# How to Perform an F-Test in R

An F-test is used to test whether two population variances are equal. The null and alternative hypotheses for the test are as follows:

H0: σ12 = σ22 (the population variances are equal)

H1: σ12 ≠ σ22 (the population variances are not equal)

To perform an F-test in R, we can use the function var.test() with one of the following syntaxes:

• Method 1: var.test(x, y, alternative = “two.sided”)
• Method 2: var.test(values ~ groups, data, alternative = “two.sided”)

Note that alternative indicates the alternative hypothesis to use. The default is “two.sided” but you can specify it to be “left” or “right” instead.

This tutorial explains how to perform an F-test in R using both methods.

## Method 1: F-Test in R

The following code shows how to perform an F-test using the first method:

```#define the two groups
x <- c(18, 19, 22, 25, 27, 28, 41, 45, 51, 55)
y <- c(14, 15, 15, 17, 18, 22, 25, 25, 27, 34)

#perform an F-test to determine if the variances are equal
var.test(x, y)

F test to compare two variances

data:  x and y
F = 4.3871, num df = 9, denom df = 9, p-value = 0.03825
alternative hypothesis: true ratio of variances is not equal to 1
95 percent confidence interval:
1.089699 17.662528
sample estimates:
ratio of variances
4.387122
```

The F test statistic is 4.3871 and the corresponding p-value is 0.03825. Since this p-value is less than .05, we would reject the null hypothesis.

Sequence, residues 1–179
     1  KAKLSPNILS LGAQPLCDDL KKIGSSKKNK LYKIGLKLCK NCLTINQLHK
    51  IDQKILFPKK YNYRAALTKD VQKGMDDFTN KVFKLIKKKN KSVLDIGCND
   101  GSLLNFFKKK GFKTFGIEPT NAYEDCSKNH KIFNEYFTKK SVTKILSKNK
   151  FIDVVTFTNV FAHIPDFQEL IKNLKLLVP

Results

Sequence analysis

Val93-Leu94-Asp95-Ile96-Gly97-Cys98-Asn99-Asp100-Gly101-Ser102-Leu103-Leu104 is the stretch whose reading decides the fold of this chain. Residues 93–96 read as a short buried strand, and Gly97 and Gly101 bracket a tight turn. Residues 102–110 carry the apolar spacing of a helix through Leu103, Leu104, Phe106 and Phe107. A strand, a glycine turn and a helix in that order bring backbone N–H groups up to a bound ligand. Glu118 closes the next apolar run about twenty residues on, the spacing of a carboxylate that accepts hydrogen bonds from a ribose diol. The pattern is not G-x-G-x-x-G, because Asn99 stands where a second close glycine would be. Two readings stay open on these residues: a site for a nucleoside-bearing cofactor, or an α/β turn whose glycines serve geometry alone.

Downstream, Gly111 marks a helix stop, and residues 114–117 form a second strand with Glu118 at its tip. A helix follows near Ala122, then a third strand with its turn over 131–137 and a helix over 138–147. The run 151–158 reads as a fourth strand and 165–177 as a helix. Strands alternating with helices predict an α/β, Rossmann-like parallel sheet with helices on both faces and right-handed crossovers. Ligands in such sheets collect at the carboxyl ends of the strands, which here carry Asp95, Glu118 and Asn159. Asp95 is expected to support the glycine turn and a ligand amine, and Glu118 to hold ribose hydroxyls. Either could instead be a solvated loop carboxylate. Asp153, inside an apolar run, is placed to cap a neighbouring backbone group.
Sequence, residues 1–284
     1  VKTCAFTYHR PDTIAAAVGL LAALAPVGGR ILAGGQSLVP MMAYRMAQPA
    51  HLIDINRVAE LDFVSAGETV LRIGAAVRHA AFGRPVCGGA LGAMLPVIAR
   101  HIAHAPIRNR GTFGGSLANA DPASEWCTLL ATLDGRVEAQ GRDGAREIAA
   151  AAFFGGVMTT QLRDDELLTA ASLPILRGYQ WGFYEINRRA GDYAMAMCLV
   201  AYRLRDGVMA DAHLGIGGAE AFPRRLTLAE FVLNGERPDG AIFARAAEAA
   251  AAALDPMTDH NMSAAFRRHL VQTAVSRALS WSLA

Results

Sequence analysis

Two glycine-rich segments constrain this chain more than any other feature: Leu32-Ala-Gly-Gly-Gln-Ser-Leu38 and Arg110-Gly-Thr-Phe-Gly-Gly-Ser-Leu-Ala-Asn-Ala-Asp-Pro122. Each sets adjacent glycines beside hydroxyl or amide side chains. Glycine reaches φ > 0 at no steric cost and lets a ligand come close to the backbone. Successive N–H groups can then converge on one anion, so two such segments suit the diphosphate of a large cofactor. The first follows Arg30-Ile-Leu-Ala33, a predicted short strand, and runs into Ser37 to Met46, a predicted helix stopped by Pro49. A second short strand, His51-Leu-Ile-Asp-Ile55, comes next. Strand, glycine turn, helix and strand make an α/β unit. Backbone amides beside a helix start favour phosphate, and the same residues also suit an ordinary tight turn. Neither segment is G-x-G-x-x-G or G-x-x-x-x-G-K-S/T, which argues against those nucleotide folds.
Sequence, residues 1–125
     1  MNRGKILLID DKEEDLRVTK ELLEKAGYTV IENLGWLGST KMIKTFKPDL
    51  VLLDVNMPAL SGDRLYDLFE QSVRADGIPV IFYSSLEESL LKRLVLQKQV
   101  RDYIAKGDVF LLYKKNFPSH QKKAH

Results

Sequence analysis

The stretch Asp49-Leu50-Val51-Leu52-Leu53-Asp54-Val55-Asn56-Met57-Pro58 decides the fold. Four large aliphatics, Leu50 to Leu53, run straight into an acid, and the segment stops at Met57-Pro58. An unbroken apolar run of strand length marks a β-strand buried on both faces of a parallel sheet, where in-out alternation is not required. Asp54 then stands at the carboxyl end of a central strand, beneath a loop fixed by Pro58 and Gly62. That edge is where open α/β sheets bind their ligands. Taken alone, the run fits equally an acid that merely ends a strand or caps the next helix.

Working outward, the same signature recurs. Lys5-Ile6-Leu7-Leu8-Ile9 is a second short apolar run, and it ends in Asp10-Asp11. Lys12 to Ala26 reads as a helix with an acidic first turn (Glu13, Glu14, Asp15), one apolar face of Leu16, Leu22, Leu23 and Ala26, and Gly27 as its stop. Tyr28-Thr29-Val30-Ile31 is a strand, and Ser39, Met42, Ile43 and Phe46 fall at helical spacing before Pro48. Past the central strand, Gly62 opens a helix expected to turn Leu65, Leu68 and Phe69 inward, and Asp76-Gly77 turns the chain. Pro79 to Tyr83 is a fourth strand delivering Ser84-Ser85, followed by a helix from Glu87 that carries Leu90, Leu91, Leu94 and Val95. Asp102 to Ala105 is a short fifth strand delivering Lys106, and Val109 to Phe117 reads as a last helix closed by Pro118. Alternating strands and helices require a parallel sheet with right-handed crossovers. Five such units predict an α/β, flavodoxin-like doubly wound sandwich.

This means we have sufficient evidence to say that the two population variances are not equal.

## Method 2: F-Test in R

The following code shows how to perform an F-test using the second method:

```#define the two groups
data <- data.frame(values=c(18, 19, 22, 25, 27, 28, 41, 45, 51, 55,
14, 15, 15, 17, 18, 22, 25, 25, 27, 34),
group=rep(c('A', 'B'), each=10))

#perform an F-test to determine in the variances are equal
var.test(values~group, data=data)

F test to compare two variances

data:  x and y
F = 4.3871, num df = 9, denom df = 9, p-value = 0.03825
alternative hypothesis: true ratio of variances is not equal to 1
95 percent confidence interval:
1.089699 17.662528
sample estimates:
ratio of variances
4.387122
```

Once again the F test statistic is 4.3871 and the corresponding p-value is 0.03825. Since this p-value is less than .05, we would reject the null hypothesis.

This means we have sufficient evidence to say that the two population variances are not equal.

Related: Perform an F-test using this free F-Test for Equal Variances Calculator.

## When to Use the F-Test

The F-test is typically used to answer one of the following questions:

1. Do two samples come from populations with equal variances?

2. Does a new treatment or process reduce the variability of some current treatment or process?